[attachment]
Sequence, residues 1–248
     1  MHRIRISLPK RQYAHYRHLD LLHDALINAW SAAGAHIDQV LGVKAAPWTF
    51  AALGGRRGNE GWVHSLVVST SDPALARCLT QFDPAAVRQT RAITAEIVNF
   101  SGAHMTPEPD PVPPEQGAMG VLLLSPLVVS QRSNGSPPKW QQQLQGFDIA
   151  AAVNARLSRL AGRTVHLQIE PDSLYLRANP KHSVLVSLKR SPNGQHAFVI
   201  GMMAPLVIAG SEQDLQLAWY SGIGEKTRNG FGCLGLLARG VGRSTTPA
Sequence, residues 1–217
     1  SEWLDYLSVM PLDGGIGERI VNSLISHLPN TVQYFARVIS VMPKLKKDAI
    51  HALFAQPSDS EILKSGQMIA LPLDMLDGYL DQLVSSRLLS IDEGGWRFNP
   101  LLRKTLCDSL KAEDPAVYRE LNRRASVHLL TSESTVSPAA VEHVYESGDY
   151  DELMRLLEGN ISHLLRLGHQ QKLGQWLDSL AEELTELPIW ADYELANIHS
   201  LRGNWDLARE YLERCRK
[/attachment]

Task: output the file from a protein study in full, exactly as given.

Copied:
Sequence, residues 1–248
     1  MHRIRISLPK RQYAHYRHLD LLHDALINAW SAAGAHIDQV LGVKAAPWTF
    51  AALGGRRGNE GWVHSLVVST SDPALARCLT QFDPAAVRQT RAITAEIVNF
   101  SGAHMTPEPD PVPPEQGAMG VLLLSPLVVS QRSNGSPPKW QQQLQGFDIA
   151  AAVNARLSRL AGRTVHLQIE PDSLYLRANP KHSVLVSLKR SPNGQHAFVI
   201  GMMAPLVIAG SEQDLQLAWY SGIGEKTRNG FGCLGLLARG VGRSTTPA
Sequence, residues 1–217
     1  SEWLDYLSVM PLDGGIGERI VNSLISHLPN TVQYFARVIS VMPKLKKDAI
    51  HALFAQPSDS EILKSGQMIA LPLDMLDGYL DQLVSSRLLS IDEGGWRFNP
   101  LLRKTLCDSL KAEDPAVYRE LNRRASVHLL TSESTVSPAA VEHVYESGDY
   151  DELMRLLEGN ISHLLRLGHQ QKLGQWLDSL AEELTELPIW ADYELANIHS
   201  LRGNWDLARE YLERCRK